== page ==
A shinden is a house on stilts with its roofs thatched with Hiwada (bark of Japanese cypress). It has an open structure separated from outside with only shitomido (hinged plank doors). A garden was created in front with a pond and tsukiyama (small hills). The study of Sakuteiki (Treatise on Garden Making) and other materials shows that the typical style was generally for high-ranked aristocrats higher than the sani rank, and each site is one cho (120 m) square, based on Jobohocho-sei of Heiankyo (town demarcation plan of the then Capital Kyoto in the tenth century) surrounded by Tsukiji (mud walls), usually having gates other than on the south. The main gate is either on the west or on the east, called 'reimon' or 'hare mon' according to their use. The character of the gates is closely related to the allotment of the garden and the buildings, each building being connected with wataridono and together surrounding the garden called tsuboniwa. Corridors run to the south from each tainoya, east and west, with chumon (a central gate) at the halfway point, and the courtyard in front of the shinden flanked by these corridors is called nantei (south garden), where white sand was laid. This courtyard and the pond form the main part of the garden.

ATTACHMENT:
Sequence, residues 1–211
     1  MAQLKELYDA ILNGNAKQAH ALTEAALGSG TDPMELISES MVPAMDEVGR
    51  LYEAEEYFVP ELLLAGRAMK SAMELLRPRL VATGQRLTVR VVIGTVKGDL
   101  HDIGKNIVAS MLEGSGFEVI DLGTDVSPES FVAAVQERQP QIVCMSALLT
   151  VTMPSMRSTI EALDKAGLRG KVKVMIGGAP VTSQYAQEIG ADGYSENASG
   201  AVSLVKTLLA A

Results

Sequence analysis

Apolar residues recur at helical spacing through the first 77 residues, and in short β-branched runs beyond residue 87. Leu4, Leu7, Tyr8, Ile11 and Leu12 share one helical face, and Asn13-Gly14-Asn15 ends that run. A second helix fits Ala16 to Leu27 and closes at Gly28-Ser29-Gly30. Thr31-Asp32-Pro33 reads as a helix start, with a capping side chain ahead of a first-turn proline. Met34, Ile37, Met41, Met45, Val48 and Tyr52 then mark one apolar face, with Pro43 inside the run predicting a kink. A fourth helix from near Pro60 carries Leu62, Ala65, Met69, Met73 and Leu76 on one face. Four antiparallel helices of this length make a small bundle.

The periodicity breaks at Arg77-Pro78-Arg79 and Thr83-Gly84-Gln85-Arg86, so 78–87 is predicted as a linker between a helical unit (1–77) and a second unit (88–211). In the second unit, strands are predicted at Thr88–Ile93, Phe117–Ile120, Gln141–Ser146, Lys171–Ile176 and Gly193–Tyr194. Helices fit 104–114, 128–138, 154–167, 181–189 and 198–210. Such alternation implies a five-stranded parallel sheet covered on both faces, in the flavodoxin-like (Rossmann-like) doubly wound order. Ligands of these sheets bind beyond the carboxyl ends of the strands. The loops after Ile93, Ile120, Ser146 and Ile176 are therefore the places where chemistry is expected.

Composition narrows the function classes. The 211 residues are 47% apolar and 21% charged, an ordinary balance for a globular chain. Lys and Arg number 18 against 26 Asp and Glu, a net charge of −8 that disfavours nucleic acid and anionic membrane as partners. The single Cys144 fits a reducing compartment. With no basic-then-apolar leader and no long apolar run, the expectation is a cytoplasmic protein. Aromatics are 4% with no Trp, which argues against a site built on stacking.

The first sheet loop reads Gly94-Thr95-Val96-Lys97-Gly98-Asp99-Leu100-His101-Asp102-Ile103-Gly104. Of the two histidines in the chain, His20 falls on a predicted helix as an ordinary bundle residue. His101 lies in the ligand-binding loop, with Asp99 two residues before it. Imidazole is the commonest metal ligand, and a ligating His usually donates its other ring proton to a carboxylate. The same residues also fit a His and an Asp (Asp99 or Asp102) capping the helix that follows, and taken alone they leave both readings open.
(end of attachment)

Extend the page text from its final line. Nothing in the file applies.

Shinden faced south and had a south courtyard, but had no south gate, which is different from the style of mansions in China. Many kinds of annual ceremonies took place in the courtyard.

Inside Shinden-zukuri is one room with no separating structures, so portable partitions such as kicho, byobu and tsuitate were used, but as the outer sides of the building have no walls and the interior and exterior become one space when the shitomido are raised, there is a panoramic view of the whole garden.

The view from the Shinden-zukuri consists of hills and water, and miniatures of scenic places from all over the country. The pond, depending on its size, contains several islands called nakajima reached by soribashi (a carved bridge) with red-painted railings placed at an angle on the north side, and hirabashi (a flat bridge) to the next island or on the south side. At one end of a corridor with a chumon is a tsuridono extending over the pond, which is part of the architecture of the garden and was used for boarding a pleasure boat, or for enjoying the coolness in the evening, moon viewing, or snow viewing. On the other side of the pond a gakuya (a music stage) added fun to the pleasure of a boat trip. Ponds were usually fed by a stream from the northeast of the compound following the geological shape of Kyoto, and the stream ran between the shinden and the east tsuinoya, south toward the pond. Inmyo Gogyoshiso (Yin-Yang Wu-Hsing Idea) then considered the stream a favorable current called yarimizu, and it was designed to be a shallow stream. The current was guided alongside the buildings to make waterfalls and yarimizu, and an atmosphere of fields such as at Sagano and Murasakino was created in the tsuboniwa between the shinden and the tsuinoya, with gently undulating mounds called nosuji, planted wild flowers, and insects, to make a landscape.